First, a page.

Many languages have several synonymous words for “friend”.
In Turkish there are plenty, each marking a subtle gradation on the highly revered hierarchy of friendship. It starts with arkadaş, which means friend. After that you become a dost, meaning pal, followed by a kardeş which means brother. Finally, you’re a kanka, a shorter and very common use of kan kardeşi, meaning nothing less than brother of blood.
Except for arkadaş, these words less frequently describe female friendship. For that, softer terms are used, such as canım (sweatheart), aşkım (my love) or kuzu (also an affectionate word, meaning lamb).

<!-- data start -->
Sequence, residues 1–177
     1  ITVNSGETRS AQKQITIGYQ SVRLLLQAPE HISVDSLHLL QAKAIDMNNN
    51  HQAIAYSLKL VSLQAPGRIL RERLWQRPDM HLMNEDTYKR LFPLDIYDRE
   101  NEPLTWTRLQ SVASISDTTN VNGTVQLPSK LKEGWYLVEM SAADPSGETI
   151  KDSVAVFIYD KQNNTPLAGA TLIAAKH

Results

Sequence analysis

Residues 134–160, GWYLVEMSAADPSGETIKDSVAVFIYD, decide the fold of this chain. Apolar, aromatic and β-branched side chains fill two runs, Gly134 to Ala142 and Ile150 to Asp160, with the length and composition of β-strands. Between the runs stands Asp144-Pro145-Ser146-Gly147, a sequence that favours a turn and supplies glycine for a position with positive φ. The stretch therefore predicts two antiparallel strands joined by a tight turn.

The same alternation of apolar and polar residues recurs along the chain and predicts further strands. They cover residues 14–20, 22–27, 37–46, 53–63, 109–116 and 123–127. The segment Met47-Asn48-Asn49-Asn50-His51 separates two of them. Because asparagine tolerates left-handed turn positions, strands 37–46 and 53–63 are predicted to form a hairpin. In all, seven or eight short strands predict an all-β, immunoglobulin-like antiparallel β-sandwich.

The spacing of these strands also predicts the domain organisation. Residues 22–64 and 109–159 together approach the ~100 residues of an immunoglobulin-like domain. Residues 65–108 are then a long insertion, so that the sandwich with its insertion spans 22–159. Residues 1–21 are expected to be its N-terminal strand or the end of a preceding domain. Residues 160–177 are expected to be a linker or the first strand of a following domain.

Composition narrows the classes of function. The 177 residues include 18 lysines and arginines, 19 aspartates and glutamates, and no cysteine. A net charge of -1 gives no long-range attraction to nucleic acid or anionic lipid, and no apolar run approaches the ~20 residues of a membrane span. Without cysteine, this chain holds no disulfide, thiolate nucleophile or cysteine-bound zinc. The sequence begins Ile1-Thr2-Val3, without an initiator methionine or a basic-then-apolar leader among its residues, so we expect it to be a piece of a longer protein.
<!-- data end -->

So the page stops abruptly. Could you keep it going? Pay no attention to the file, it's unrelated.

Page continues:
Camille McOuat is a Canadian photographer living in Paris, who travels regularly to Istanbul. When spending time in Turkey, she soon noticed that “friendship meant something more” than what she was used to in Canada and France.
In Turkey, like many other places, it is not unusual for close friends to walk hand-in-hand, hold each other around the shoulders or hug and kiss on the cheek.
McOuat began, when wandering Istanbul’s streets, to search for signs of male friendship. Her pictures, featured in this series, were taken in districts across the city, like Galata, Aksaray, Kadıköy, Tarabya, Ataşehir and the Princes’ Islands.